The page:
What: All Issues : Aid to Less Advantaged People, at Home & Abroad : Farmers : Emergency agriculture relief (H.R. 2207)/Motion to recommit with instructions to offset the spending in the bill with spending cuts or tax increases and leaving open the possibility that the measure could go back to committee indefinitely
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Emergency agriculture relief (H.R. 2207)/Motion to recommit with instructions to offset the spending in the bill with spending cuts or tax increases and leaving open the possibility that the measure could go back to committee indefinitely
house Roll Call 335     May 10, 2007
Y = Conservative
N = Progressive
Winning Side:
Progressive

This vote was on a Republican motion to send an agriculture relief bill back to committee ostensibly to find what are known as "offsets" - spending cuts or tax increases to make the bill "budget-neutral." Democrats accused Republicans of using the motion as a trick to send the legislation back to committee to never return to the House floor for a vote.

The legislation was a package of emergency aid to farmers affected by extreme weather conditions in many parts of the country, including floods, wildfires and drought. The bill would provide $4.5 billion in fiscal 2007 emergency spending, including $1.8 billion in crop disaster assistance and $1.5 billion in livestock assistance, as well as $500 million for wildfire management and suppression. The measure also included $425 million funding for rural schools, $60 million for the California salmon industry and $31 million for a milk subsidy program.

Republicans said the measure was excessive and unnecessary, and President Bush threatened to veto it.

A motion to recommit with instructions is the minority's last chance to make substantive changes to a bill before a final up-or-down vote on the measure. Rep. Jerry Lewis (R-Calif.) offered the motion to recommit. He said it was a "simple motion to recommit that sends the bill back to committee and instructs the committee to find offsets."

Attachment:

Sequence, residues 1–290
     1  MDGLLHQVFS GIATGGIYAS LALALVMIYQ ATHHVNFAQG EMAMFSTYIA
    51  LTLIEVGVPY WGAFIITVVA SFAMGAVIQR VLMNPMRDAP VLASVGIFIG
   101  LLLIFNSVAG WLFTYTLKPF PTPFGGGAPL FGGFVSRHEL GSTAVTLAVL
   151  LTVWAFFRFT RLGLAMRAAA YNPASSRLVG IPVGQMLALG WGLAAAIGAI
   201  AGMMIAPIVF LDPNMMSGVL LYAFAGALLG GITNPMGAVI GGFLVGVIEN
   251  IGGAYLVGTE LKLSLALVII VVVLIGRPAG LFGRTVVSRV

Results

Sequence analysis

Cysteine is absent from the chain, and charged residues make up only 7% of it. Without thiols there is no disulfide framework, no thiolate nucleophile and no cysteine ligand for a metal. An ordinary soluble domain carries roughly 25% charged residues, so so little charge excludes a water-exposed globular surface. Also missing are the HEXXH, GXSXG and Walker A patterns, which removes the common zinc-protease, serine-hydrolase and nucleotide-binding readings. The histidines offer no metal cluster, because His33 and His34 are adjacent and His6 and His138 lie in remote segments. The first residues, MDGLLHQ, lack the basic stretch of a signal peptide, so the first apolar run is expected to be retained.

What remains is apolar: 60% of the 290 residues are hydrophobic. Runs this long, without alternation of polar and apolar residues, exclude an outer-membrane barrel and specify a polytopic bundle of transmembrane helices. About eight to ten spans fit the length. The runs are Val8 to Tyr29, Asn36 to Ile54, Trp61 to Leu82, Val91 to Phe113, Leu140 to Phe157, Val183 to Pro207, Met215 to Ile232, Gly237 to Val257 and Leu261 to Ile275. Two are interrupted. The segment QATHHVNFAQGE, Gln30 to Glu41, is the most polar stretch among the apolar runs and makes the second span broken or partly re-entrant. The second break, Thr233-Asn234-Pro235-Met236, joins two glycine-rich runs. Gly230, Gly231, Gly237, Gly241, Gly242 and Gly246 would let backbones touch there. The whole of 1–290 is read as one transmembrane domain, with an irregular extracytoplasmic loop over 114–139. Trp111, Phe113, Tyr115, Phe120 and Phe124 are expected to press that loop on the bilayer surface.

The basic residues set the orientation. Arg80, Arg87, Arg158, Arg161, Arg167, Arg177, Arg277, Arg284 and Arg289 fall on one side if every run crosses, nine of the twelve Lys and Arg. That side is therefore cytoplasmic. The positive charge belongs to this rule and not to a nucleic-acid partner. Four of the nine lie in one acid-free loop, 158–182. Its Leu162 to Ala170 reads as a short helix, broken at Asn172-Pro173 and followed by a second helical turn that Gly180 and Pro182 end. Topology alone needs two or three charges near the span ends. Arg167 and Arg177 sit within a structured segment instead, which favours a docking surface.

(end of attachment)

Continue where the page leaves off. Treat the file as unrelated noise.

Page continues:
No other words in support were offered by Republicans.

Democrats accused them of trickery and hypocrisy.

Appropriations Chairman David Obey (D-Wis.) said that the motion was "really quite interesting."

"What it says is that the same folks who want to spend $57 billion on tax cuts on millionaires this year, all paid for with borrowed money, the same folks who are comfortable with the idea that we have got over a trillion dollars in unfunded tax cuts, all paid for with borrowed money, the same folks that want us to spend, no questions asked, at least $600 billion in a sad, sad war in Iraq, these folks have suddenly gotten religion, and they now have a motion that says they would like to see this bill be deficit neutral," Obey said.

He continued: "What that means is they are going to ask the farmers of America to bear the full weight of deficit reduction in this bill. This is simply a device to kill the bill because instead of asking that the bill be reported forthwith, it asks that the bill be reported promptly. That, as you know, is code language for killing the bill. I don't think I need to say anything further.

"If you want to provide the funding in this bill, you will vote against this motion to recommit. If you care about the farmers, if you care about the western wildfire problem, if you want to meet our obligation to the parts of the country that generally get stiffed and ignored, then you vote against the motion to recommit. If you care about these folks, you will vote against the motion to recommit," Obey concluded.

The motion was rejected on a near party-line vote. All but 12 Republicans voted for it, and all but four Democrats voted against it. Thus, by a vote of 184 to 233, Republicans were shut out of their attempts to send the measure back to committee to offset the bill's price tag with tax increases or spending cuts elsewhere - what Democrats said was an attempt to kill the bill, as the language in the motion specified no time constraints on when the legislation had to come back to the House floor for a vote - and a measure to provide disaster assistance to farmers made its way to a final vote.

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